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In bizarre exchanges, a series of troubling 'nevers'

Globe and Mail Update

CHICAGO — To the old saw about close counting only in horseshoes and hand grenades, add this.

In the Conrad Black fraud trial, where alleged living large on the shareholder teat is a primary theme, an important prosecution witness was yesterday confronted with an example of his own hand in the corporate cookie jar.

Less than an hour after his cross-examination by Edward Greenspan began here yesterday, Big Jim Thompson was mumbling uncomfortably about the lavish trip he and his wife Jayne took to London -- on the late, lamented Concorde it appears, with a stay at the fabulous Claridge's Hotel thrown in and a big fat dinner at the Wallace Collection, a dishy national art museum, where Tony Blair was the speaker -- compliments of Hollinger International.

It was part of a tab that Mr. Greenspan said may have topped out at $500,000 to $600,000 and may have seen as many as 10 other Hollinger directors flying across the Atlantic.

Mr. Thompson is the former long-time Illinois governor (titles in the land of the free are apparently as enduring as they are in Britain, and here in his hometown he is still always called Governor) and former U.S. attorney for the Northern District of Illinois, the very office that is now prosecuting Lord Black and three other former Hollinger executives.

More relevant to the trial, Mr. Thompson was also a Hollinger director and the chairman of the board's audit committee, the sleepy trio who meant to be the first line of defence in the modern army of corporate government.

Like his fellow audit-committee members, Richard Burt and Marie-Josée Kravis, who preceded him to the witness stand, in his direct examination Mr. Thompson mostly repeated one word: "Never."

He never saw most of the lucrative non-competition payments Lord Black and the others were paid in various deals, he never approved them, he was never given any troubling information about them.

He relied on Lord Black and David Radler, Hollinger's former chief operating officer-turned-government witness who is soon to testify himself, and the rest of the management team.

Or, as he put it once - evoking memories of Everymother saying, "If the other kids all jumped off a bridge, would you jump too?" - "That's what I was told, so that's what I believed."

Mr. Thompson's "nevers" were a tad more troubling than those of Mr. Burt and Ms. Kravis, because, as was evident in Mr. Sussman's questioning, Mr. Thompson has virtually no independent recollection of many of the board and audit committee meetings, memos and telephone calls that are central to the case.

In several bizarre exchanges with Mr. Sussman, Mr. Thompson would say flatly, "I don't recall anything," and then spend minutes being asked a series of specific questions about whatever meeting or memo he didn't remember in the first place. Unsurprisingly, his answer was usually, "I don't recall."

His memory was little better about the London meeting, except that it was a board meeting, or perhaps a meeting of Hollinger's international advisory committee to which board members are usually invited.

Mr. Greenspan asked, "How did you get there?" Mr. Thompson replied, "I presume I flew over."

"You took your wife?" Mr. Greenspan said. "I believe so," Mr. Thompson said. "You stayed at Claridge's, one of the finest hotels in the world?" "I presume." ". . . You flew first class?" Mr. Greenspan asked. "Yes," Mr. Thompson said.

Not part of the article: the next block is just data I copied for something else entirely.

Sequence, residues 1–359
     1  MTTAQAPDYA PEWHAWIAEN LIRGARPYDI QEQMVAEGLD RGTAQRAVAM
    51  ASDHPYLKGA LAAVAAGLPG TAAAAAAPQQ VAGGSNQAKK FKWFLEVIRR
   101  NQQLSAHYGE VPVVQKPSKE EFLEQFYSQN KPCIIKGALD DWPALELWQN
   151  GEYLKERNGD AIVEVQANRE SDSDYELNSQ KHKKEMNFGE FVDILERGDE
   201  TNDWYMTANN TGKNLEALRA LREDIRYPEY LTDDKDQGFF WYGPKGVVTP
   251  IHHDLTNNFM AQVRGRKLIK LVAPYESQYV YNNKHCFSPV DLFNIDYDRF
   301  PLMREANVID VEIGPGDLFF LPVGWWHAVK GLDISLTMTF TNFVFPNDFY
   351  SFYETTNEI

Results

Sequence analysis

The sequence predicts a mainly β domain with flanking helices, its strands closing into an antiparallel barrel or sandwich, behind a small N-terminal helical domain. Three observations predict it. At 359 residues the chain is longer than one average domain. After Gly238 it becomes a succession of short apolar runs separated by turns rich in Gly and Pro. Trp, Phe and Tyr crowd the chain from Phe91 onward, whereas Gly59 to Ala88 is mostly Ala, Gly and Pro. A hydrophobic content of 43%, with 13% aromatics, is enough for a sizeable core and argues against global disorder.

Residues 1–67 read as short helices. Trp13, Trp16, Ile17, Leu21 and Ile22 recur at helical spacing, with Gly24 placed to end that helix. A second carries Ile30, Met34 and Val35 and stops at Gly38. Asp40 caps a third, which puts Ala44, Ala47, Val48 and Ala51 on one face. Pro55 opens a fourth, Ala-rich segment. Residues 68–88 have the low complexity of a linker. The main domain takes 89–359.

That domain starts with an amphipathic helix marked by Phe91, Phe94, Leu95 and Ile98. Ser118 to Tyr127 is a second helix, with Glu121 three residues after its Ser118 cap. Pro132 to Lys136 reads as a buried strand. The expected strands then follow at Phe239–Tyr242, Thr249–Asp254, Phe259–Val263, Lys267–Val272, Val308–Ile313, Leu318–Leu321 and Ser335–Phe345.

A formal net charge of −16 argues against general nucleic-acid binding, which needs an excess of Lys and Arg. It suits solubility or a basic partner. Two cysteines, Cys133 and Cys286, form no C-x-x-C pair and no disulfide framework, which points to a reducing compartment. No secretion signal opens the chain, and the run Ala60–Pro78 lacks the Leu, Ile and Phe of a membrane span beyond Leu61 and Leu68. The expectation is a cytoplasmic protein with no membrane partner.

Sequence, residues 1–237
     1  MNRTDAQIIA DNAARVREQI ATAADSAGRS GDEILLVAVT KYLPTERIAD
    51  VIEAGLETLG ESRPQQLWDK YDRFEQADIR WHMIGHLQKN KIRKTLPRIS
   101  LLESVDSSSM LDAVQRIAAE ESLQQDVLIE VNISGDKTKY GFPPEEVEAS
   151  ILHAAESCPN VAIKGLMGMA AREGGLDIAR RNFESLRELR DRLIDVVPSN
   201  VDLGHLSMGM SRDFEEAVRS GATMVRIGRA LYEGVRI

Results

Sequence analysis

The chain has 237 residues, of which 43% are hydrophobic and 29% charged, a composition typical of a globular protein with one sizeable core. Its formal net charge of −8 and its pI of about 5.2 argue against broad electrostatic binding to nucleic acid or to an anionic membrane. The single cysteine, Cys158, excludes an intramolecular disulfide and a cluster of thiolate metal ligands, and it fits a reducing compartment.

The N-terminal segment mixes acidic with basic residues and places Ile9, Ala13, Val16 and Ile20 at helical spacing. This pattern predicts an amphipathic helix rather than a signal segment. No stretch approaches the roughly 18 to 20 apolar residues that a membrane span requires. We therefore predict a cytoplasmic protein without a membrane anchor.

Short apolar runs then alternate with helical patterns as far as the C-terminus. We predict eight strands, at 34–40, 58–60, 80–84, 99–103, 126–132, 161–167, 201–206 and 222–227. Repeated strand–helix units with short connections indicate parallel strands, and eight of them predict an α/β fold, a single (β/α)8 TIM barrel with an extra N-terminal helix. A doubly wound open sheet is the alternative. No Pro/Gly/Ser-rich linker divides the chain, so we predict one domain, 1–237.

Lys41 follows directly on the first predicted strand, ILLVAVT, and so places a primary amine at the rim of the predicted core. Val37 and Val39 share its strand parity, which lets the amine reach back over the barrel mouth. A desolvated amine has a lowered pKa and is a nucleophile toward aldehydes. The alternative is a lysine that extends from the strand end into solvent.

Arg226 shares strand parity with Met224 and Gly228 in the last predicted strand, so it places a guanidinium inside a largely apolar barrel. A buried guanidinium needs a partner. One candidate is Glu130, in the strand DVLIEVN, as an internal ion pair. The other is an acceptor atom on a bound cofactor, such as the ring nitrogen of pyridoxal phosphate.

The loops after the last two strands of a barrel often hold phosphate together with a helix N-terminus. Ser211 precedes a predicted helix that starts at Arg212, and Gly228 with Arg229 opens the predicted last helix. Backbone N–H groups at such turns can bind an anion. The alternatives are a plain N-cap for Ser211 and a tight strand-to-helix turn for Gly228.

"How much do you think it cost?" Mr. Greenspan asked.

"I haven't the slightest idea," Mr. Thompson said, and Mr. Greenspan pounced: "That's because it never came before the audit committee, did it?" And Mr. Thompson agreed the entire tab never came before the audit committee or the board.

"Who paid?" Mr. Greenspan asked. "I presume Hollinger paid," Mr. Thompson said. "Why did your wife go?" "She was invited."

While providing delicious listening, the Thompsons' little jaunt to England (as well as at least one other they may have made, on the Hollinger jet, to Washington) is evidence of nothing but that the former governor's sleepiness as a watchdog of good corporate conduct extended to his own.

And it is neutral, proves nothing one way or the other, about the charges against Lord Black or the others.

Though both Mr. Thompson and Ms. Kravis acknowledged yesterday they were notified by the U.S. Securities and Exchange Commission at one time that they might face enforcement actions, the SEC later abandoned that, and he, like Ms. Kravis, is accused of no wrongdoing.

But surely the collective performance of the three audit committee members -- a leading economist in Ms. Kravis, a former ambassador and diplomat and arms negotiator in Mr. Burt, and a renowned prosecutor who was twice named as one of the 100 most influential lawyers in the United States by the National Law Journal -- raises questions about the efficacy of the sacred cow that is corporate governance.

If this sophisticated, well-travelled, smart trio, skeptics by nature and profession both, who earned as much as $5,000 per phone meeting and $35,000 a year as a retainer, couldn't be relied upon to bring their rigorous brains to the task, then who could? How much would a company have to pay to get someone who will pay attention?

And, the obverse, are Lord Black and David Radler really so cunning they could have known, when they brought these celebrated and accomplished folks aboard the Hollinger ship, that they were getting the acquiescence and passivity they allegedly sought?

"That's what I was told, so that's what I believed," Mr. Thompson said, and with a straight face too -- who could have guessed those words would ever be uttered by a hard-nosed, cynical old prosecutor?

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